BT to Extend M&A Spree
The acquisition, likely to be worth several hundred million dollars, would be part of a multi-billion-dollar managed network and services deal that BT and Reuters are planning. It would give BT control of a global extranet with 18,000 MPLS-enabled nodes that deliver secure access and services to thousands of financial services firms.
Such a deal would add further muscle to BT's growing international business, which was bolstered with two acquisitions in the final quarter of 2004 (see BT Buys Infonet and BT Takes Control of Albacom).
The deal has been in the works since Reuters bought out its former Radianz partner, France Telecom SA's (NYSE: FTE) global services provider Equant (NYSE: ENT; Paris: EQU), last October (see Equant Sells Radianz Stake).
Reuters paid $110 million in cash for Equant's 49 percent stake, valuing the specialist service provider at $224.5 million. BT says a price has yet to be agreed on, and that it is still performing due diligence on the loss-making venture, but a spokesman confirms that the deal is set to close before April.
Whatever the price, its value will be dwarfed by the expected size of the multi-year ICT (information communications technology) contract Reuters is expected to sign with BT. That deal, expected to be worth billions of dollars, would be another feather in the carrier's managed services cap (see BT Launches Outsourcing Offensive, BT Bolsters Its ICT Story, and BT Inks ICT Deal With HP).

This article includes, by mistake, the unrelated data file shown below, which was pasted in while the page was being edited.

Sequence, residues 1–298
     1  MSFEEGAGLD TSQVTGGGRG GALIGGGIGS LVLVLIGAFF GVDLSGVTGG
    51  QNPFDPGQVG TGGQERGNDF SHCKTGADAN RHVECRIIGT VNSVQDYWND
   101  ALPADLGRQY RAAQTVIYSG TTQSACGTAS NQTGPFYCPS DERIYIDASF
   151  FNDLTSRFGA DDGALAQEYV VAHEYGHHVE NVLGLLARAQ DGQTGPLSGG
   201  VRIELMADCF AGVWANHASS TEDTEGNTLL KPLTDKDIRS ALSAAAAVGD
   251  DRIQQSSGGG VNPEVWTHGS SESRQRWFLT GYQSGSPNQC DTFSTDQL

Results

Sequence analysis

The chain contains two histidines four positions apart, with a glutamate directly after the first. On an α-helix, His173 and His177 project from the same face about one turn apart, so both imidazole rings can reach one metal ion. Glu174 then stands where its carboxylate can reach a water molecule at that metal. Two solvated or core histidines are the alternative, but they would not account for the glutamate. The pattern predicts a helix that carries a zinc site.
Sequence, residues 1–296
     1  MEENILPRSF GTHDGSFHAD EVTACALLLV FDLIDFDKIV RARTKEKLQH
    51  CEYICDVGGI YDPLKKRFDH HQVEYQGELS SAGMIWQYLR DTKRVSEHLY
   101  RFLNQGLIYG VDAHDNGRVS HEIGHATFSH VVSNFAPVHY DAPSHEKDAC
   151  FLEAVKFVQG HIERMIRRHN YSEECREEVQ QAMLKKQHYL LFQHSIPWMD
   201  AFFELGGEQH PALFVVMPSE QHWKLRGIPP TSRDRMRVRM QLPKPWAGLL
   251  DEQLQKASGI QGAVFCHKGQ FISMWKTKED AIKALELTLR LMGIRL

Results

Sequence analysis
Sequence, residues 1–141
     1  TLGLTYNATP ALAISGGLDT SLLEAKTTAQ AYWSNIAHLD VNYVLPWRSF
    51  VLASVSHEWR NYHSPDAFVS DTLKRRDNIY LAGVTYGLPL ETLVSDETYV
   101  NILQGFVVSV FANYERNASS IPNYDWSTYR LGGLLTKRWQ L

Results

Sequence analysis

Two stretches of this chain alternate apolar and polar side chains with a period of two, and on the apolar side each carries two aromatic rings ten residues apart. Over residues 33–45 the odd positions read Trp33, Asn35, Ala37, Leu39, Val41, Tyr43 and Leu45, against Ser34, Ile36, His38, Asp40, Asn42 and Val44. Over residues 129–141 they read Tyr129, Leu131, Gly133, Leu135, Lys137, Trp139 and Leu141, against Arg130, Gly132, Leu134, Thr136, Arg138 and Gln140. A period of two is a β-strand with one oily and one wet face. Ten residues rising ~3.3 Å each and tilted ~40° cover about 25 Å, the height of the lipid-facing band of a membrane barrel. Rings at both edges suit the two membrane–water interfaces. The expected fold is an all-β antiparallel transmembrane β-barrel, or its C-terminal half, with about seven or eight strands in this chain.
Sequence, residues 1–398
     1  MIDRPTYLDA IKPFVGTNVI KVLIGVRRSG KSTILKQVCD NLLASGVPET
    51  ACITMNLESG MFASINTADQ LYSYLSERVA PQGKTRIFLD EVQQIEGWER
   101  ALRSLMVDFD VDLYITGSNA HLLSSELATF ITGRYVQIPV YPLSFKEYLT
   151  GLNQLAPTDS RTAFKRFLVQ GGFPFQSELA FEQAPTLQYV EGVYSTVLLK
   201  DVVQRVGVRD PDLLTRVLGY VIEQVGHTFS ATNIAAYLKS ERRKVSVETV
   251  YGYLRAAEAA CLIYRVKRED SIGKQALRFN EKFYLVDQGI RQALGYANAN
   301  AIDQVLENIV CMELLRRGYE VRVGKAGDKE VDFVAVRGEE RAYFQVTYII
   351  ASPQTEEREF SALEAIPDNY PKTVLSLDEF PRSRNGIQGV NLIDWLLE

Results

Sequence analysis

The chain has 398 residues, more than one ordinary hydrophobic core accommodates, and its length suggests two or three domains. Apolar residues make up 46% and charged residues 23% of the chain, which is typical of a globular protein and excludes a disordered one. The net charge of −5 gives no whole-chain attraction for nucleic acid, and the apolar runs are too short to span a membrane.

Owning Radianz fits well with BT's larger strategy. It is seeking ways to increase revenues in what it calls "new wave" sectors, including ICT, and believes it can sell additional services to the existing Radianz customer base.
It would also make BT stronger in the U.S., where it has been forced to build a presence from the ground up following the disintegration of its Concert alliance with AT&T Corp. (NYSE: T). (See AT&T and BT to Unwind JV and BT Boosts US Backbone.) BT estimates that acquiring Radianz would almost double its U.S.-based workforce, from about 1,800 to 3,600.
Forrester Research Inc. analyst Lars Godell reckons the move is positive for all the parties involved. Radianz has been a drain on resources for Reuters and Equant, but will provide greater opportunities for BT in the financial services sector, which has "an insatiable appetite for more bandwidth," writes Godell, in a recent report.
Nick McMenemy, head of strategy and business-critical operations at pan-European operator and BT competitor Interoute Telecommunications Ltd., reckons BT is getting its M&A strategy right. He believes the Infonet acquisition makes a lot of sense for the British operator, and that taking over Radianz would "be a shrewd move" that will give BT a lot of additional value-added services opportunities.
— Ray Le Maistre, International News Editor, Light Reading